Even if you’ve scarfed more battered birds than you can shake a drumstick at since fried chicken took over London, we urge you to return to the frontline for pop-up veteran turned hats-off restaurateur Carl Clarke’s Chick ‘n’ Sours. Here, the meat is double-fried, Korean style, for super crunchy batter; Asian-style sauces add the perfect amount of zing and fire. The soundtrack is banging, the sours are a slam-dunk – it’s as much fun as you can have at dinner.
Ever since the original Covent Garden branch of this chain of Bombay-style Irani cafés jazz-handed onto the scene, subsequent Dishooms have been swiftly incorporated into Londoners’ little black books. That’s because this slick operation knows how to imbue everything it does with tongue-in-cheek fun. Expect bacon in a starring ‘roll’ (tee hee) at breakfast, snacky small plates with cheeky menu descriptions, ruby murrays that have never met a korma, and ‘pudding drinks’ such as a boozy chai version of affogato.
Flat Iron are masters of the £10 steak; this was USP enough to start serious queueing outside the tiny Soho branches. The Covent Garden flagship is a different beast: it’s absolutely ma-hoo-sive, so your chances of waltzing in and being seated straightaway are real. Miraculously, those flat iron steaks are still just a tenner, alongside more expensive specials. Extra bonuses – as if we needed more incentive – include a free salted-caramel ice cream cone on your way out. Y’know, just because.
Everything is turned up to 11 in this hip Covent Garden basement, and your initiation starts with the banging rock music that greets you before you even make it down the stairs. Just grab a seat and commit to the concept: Flesh & Buns does ‘drinking food’, so order yuzu margaritas and flavoursome signature bao at a ratio of about 1:1. Go with a group – and don’t miss the finger-licking fried chicken, kickass Cali rolls, and sexed-up s’mores dessert.
Find more restaurants in central London
Soho has a great range of restaurants to satisfy any culinary craving. If you want to try a traditional British restaurant, try Dean Street Townhouse. If you're more in the mood for authentic tapas, there's Barrafina, and for sumptuous spicy asian buns, try Bao. Read on for our recommendations for the best restaurants in Soho.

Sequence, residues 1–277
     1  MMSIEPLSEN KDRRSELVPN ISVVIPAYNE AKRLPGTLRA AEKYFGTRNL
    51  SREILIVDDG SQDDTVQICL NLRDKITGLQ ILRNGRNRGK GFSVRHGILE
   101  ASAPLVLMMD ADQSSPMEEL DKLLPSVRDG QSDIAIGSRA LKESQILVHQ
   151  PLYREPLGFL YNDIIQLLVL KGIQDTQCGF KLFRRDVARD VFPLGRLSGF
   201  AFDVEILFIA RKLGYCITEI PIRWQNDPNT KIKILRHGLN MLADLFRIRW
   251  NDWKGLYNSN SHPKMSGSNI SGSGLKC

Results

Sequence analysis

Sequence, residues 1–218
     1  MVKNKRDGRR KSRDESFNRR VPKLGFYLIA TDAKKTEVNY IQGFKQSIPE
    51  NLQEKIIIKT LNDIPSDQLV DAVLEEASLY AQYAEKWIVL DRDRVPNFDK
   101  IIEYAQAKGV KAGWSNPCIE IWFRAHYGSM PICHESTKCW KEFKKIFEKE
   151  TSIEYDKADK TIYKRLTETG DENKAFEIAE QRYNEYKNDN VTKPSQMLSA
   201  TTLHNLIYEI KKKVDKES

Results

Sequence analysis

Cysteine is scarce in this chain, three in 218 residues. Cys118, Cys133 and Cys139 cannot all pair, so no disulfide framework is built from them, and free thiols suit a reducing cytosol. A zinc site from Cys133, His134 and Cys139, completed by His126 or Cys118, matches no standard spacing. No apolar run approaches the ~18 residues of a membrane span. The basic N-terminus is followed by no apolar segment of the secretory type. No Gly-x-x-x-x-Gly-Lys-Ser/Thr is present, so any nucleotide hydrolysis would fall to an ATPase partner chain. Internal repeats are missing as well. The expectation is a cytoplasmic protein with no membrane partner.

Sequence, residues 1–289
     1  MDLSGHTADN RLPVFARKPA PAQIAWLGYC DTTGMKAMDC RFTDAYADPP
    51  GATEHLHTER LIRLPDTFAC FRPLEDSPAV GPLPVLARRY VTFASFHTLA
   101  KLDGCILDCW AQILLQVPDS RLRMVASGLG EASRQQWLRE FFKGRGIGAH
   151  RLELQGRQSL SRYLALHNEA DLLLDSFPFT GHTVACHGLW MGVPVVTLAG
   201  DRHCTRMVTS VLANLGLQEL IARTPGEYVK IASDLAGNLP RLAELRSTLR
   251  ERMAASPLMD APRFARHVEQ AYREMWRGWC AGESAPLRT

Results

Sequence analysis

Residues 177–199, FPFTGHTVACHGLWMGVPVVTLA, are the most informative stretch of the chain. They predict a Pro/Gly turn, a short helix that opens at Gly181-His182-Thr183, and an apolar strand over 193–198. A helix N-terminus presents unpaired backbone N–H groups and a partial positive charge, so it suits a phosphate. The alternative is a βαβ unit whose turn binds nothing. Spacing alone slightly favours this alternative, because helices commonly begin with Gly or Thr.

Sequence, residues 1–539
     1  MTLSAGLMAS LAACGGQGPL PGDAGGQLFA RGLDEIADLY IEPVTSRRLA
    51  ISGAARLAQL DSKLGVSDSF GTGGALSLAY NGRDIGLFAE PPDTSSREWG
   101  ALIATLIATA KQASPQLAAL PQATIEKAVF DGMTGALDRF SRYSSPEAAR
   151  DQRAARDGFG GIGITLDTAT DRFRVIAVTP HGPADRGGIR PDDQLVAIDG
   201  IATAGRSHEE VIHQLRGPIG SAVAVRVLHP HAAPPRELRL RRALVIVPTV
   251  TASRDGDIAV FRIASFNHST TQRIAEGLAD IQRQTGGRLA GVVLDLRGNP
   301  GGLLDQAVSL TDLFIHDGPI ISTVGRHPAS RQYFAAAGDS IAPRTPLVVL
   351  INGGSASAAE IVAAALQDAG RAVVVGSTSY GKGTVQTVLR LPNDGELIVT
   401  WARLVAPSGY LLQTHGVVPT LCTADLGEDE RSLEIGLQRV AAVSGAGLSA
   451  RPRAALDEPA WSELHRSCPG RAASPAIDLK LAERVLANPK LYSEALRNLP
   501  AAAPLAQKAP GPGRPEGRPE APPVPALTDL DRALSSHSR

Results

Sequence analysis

Being vegan in London must be punishing. Every other opening sees the capital’s carnivores licking their lips in anticipation at more ribs from a new street-food pop-up or another addition to the city’s army of fancy hot dog and dirty burger joints. Even breakfast haunts are dripping in, well, dripping; while bone marrow is trending apparently. And that’s where Karamel comes in. Tucked away in a quiet, residential bit of Wood Green, this restaurant-cum-bar-cum-gallery space is a haven for north London’s meat- and dairy-shunners. With its vaulted ceilings and basic furniture, Karamel is unpretentious and slightly reminiscent of a village hall, which is no bad thing; at least you could never accuse it of prioritising style over substance. Visiting just before Christmas, we were treated to festive fare. A cheeseless French onion soup was pleasingly sweet and happily arrived without a gloopy substitute (which usually bears more resemblance to plastic than Gruyère). The main course was an uninspiring nut-roast Wellington with all the trimmings – red cabbage went some way to perking up the plate, but the stars of the show were the garlic roasted carrots and parsnips, grown by Karamel’s owners. Pudding, though a trifle underwhelming, was coconut-creamy and fruity, and still managed to round off the meal nicely. Despite the food not exactly setting our taste buds alight, I would go back. Why? Because Karamel is one of the friendliest, most welcoming places I’ve been to in London.